where x is the alloy composition of the ternary semiconductor alloy, a0 is the semiconductor lattice constant, and Vexc is the excitonic volume of the electronhole pair. It depends on the specific case at hand, which of the different physical effects dominates in the formation of the Urbach tail. Generally, binary semiconductors such as GaP or GaAs have a smaller tail than alloys such as AlGaAs or GaAsP. Furthermore, lightly doped semiconductors have a smaller Urbach tail than heavily doped semiconductors. For energies sufficiently lower than the bandgap energy, absorption due to the Urbach tail is negligibly small and freecarrier absorption becomes the dominant absorption mechanism. As the name suggests, a free carrier is excited to a higher energy by absorption of a photon. The absorption transition must conserve momentum. Whereas photons have very small momenta, 
Potential fluctuations caused by random compositional fluctuations can be calculated using binomial statistics. The magnitude of these fluctuations is given by (see, for example, Schubert et al, 1984)
electrons must undergo a momentum change when excited higher within a parabolic band. This momentum change is provided by acoustic phonons, optical phonons, or by impurity scattering.
Freecarrier absorption is proportional to the freecarrier concentration, since a free carrier is required for an absorption event. Theoretical considerations in terms of the classical Drude free  electron model further show that freecarrier absorption increases as the square of the incident wavelength (Pankove, 1971). Thus the proportionalities
22 afc к n X and afc к p X (9.7)
are valid for ntype and ptype semiconductors, respectively. Theoretical considerations in terms of a quantum mechanical treatment show that the absorption coefficient is proportional to X32, X52, and X72 depending upon whether acoustic phonon scattering, optical phonon scattering, or ionized impurity scattering is involved in the momentum conservation process, respectively (Swaminathan and Macrander, 1991).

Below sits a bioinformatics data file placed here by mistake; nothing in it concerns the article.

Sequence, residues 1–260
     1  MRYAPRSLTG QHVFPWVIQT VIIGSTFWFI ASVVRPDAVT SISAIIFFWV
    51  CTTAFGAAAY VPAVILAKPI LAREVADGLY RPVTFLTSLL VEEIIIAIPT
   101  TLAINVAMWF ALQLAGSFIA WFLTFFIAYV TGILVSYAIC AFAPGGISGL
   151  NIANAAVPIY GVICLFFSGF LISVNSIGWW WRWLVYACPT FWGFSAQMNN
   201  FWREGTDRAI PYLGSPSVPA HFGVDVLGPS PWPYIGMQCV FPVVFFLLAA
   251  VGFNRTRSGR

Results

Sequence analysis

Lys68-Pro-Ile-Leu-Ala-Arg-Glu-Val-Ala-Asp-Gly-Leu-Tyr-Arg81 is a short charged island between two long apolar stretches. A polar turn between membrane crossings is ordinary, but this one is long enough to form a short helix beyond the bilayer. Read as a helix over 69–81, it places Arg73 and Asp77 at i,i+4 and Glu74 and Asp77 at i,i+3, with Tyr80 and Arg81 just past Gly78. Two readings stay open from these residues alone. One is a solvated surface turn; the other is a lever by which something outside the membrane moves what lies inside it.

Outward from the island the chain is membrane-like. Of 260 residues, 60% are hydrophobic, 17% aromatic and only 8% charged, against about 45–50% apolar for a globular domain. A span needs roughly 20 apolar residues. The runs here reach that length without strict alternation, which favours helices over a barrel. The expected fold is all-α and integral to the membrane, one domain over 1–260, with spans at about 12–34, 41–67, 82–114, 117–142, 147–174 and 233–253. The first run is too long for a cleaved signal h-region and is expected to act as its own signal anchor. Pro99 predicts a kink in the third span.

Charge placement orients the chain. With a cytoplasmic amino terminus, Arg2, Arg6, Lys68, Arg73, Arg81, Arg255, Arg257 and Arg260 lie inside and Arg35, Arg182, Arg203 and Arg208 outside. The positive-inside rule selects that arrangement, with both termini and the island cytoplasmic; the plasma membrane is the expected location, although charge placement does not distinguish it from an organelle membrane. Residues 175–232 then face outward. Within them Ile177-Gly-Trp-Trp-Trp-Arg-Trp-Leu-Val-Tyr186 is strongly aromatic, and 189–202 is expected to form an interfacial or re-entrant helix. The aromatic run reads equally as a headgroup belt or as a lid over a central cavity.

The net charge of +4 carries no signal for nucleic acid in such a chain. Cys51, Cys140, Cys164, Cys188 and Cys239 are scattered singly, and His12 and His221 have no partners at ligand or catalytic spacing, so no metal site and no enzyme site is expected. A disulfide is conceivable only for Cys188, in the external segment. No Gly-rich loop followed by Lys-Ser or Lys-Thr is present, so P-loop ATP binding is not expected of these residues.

In ntype and ptype GaAs, the roomtemperature freecarrier absorption coefficient near the bandgap energy (X « 950 nm) can be expressed as (Casey and Panish, 1978)
afc = 3 cm_1 —78^ r + 7 cm_1 —— . (9 8)
1018 cm3 1018 cm3
Inspection of the equation indicates that the freecarrier absorption coefficient can be of the order of 10 cm1 at high carrier concentrations. Approximate values for the freecarrier absorption coefficient in several compound semiconductors are given in Table 9.1.
Table 9.1. Freecarrier absorption coefficient (afc) of ntype semiconductors. (a) After Ioffe (2002). (b) After Wiley and DiDomenico (1970). (c) After Casey and Panish (1978). (d) After Kim and Bonner (1983) and Walukiewicz et al. (1980). (e) Data are extrapolated using the proportionality afc к n X2.

In LEDs, freecarrier absorption can affect the intensity of waveguided modes radiating out of the side of the chip. Freecarrier absorption also plays a role in LEDs with transparent
semiconductor substrates. Such transparent substrates have a typical thickness greater than 100 ^m. If the doping concentration of a transparent substrate is high, freecarrier absorption will reduce the lightoutput power. If it is low, the substrate becomes resistive. Thus a compromise needs to be made between the different doping requirements of a transparent substrate. For thin layers, such as confinement layers, freecarrier absorption effects are negligibly small if the optical path length within the layer is short.